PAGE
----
Bill Landeaux, of Denver, Colorado, joined the U.S. Air Force to see the world. “Instead, I saw Vandenburg, CA.” This was his first year participating in Winterhaven and he has appreciated learning about the different programs available to veterans in the community. “For example, I got legal help to do a will. Also, I live in a nursing home, and Veterans Affairs enables travels between my nursing home and the medical center, which is really great help. Of course, a few extra warm clothes and boots don’t hurt when it’s cold.” Like many of the other vets I spent time with, Bill wants to see more interaction. He says a Social Event Club meeting once a month would really make us feel like something. “We could get together and do things like go to Smithsonian or something and just interact with other vets, homeless or not.” He pauses and shakes his head before continuing. “As soon as this guy gets out, it’ll be fine. He’s an ass building fences with money that could go to better programs for us. But we don’t even matter. It could be going to better bases and other national security stuff.” 

Percy Davis was the most soft spoken of all the vets with which I had some time. He says, “I was in just 3 years, 1960-63 in Dongducheon. That’s Camp Casey, you know, a base in South Korea, but that’s back when Black folks had to crawl through walls to get their food.” “Wait,” I stopped him. “You said what?” He explained, “I said white boys sit at the tables in the restaurant, but they passed a plate to you [Black folks] through a hole in the wall.” Another nearby vet listening in chimes, “Ah yeah, some days you come home from fighting and couldn’t sit at the bar in the 51club.” His comment  drew some laughter. I had no idea what they were so amused by until Mr. Davis smirks and says, “Gentleman’s club.” Davis was born and raised in D.C., and today, 76 years old, he is happy with clothes and boots for the cold and receiving a flu shot. “Say, they are good just give money directly to the vets. Ha! Yeah right, you [know] that’s never coming.” He drifts off, maybe to South Korea, maybe to Franklin Park, where there’s a church he says provides hot meals for the people out there. \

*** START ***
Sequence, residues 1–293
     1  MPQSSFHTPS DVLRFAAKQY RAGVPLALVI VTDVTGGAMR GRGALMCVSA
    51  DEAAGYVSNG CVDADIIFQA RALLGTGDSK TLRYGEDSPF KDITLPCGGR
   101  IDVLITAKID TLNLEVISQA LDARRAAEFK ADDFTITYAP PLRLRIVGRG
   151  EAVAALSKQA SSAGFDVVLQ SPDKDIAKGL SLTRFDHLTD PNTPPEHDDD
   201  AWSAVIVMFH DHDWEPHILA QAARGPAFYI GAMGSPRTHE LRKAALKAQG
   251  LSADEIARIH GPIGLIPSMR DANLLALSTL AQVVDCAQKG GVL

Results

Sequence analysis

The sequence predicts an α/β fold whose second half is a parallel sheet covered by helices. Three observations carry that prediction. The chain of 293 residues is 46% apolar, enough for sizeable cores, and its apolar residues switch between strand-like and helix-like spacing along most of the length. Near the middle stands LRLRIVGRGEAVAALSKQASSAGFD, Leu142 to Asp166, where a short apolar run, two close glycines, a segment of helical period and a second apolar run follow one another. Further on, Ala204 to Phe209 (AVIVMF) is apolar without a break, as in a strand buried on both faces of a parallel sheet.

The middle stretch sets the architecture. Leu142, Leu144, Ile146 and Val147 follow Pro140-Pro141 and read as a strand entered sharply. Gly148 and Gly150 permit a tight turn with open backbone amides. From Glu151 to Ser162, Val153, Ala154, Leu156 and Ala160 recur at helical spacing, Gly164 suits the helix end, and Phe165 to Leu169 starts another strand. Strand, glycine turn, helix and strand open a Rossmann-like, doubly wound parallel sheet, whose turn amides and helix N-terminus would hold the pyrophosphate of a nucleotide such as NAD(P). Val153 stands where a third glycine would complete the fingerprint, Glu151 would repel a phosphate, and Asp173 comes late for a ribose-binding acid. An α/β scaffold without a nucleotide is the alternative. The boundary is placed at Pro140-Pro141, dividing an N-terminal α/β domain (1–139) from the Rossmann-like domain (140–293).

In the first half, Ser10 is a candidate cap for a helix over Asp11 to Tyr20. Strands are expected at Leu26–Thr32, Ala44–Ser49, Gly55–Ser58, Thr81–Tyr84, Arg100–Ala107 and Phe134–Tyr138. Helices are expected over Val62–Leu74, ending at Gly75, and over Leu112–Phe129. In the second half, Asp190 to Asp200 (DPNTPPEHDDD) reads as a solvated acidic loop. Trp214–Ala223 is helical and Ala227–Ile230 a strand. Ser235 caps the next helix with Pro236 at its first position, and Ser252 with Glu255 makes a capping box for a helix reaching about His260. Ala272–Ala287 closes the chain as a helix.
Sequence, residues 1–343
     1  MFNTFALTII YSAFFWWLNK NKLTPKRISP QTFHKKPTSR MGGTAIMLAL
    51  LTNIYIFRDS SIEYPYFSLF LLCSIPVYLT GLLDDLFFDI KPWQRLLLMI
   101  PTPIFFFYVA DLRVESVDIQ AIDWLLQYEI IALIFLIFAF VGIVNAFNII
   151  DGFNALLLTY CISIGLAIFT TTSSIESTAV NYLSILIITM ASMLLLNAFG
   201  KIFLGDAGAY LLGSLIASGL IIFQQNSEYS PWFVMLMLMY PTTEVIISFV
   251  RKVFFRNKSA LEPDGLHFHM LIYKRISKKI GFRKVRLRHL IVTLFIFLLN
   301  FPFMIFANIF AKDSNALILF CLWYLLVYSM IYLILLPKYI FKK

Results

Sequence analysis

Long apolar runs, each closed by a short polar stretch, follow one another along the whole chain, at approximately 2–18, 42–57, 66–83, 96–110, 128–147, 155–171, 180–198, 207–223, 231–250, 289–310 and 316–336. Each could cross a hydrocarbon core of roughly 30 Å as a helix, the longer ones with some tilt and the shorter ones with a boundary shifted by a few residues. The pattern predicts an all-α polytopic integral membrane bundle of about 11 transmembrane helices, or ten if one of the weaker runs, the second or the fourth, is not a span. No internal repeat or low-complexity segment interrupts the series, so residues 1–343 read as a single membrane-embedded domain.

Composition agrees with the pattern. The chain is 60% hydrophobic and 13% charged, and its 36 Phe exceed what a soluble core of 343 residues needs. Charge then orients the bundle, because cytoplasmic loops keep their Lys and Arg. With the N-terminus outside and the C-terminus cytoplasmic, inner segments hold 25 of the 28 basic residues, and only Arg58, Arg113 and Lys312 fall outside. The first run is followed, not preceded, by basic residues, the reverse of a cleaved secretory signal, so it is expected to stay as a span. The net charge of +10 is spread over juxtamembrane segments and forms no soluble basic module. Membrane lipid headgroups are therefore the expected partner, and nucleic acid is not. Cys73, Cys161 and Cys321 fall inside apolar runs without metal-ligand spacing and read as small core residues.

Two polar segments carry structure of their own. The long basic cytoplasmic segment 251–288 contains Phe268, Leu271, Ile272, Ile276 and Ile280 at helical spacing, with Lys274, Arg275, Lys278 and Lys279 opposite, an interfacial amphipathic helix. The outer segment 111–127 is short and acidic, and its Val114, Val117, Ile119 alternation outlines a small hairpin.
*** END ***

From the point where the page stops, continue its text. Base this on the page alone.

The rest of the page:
Lee Morris was an 11B in the Army from 1969-1975. Before an early out due to post Vietnam drawdowns, he served in Germany at Robinson Barracks and in various parts of Southeast Asia. He loved Bangkok, Thailand, because of the weather. The Winterhaven event is brand new to him. “I never paid enough attention before, so it’s good. It’s my great first year attending this event. One of my fellow vets in my support group mentioned it and then another asked if I’d participate. Today, I got help with utility bills and help with a living will, exams, bloodwork in the labs. I appreciate that they have HIV stations. There’s a thing people don’t realize: a lot of these older vets these day get a blue pill and suddenly realize they can get it on again, and you know, a lot of us are from the old school where people didn’t think about STDs and AIDS and such, so, people are just not protecting. This information on HIV prevention was absolutely important.” I asked him what else he would like to see offered and he said, “More dress clothing never hurt.” Boots are great but dress shoes, khakis, and maybe collared shirts would go a long way for those wanting to get back in the job market.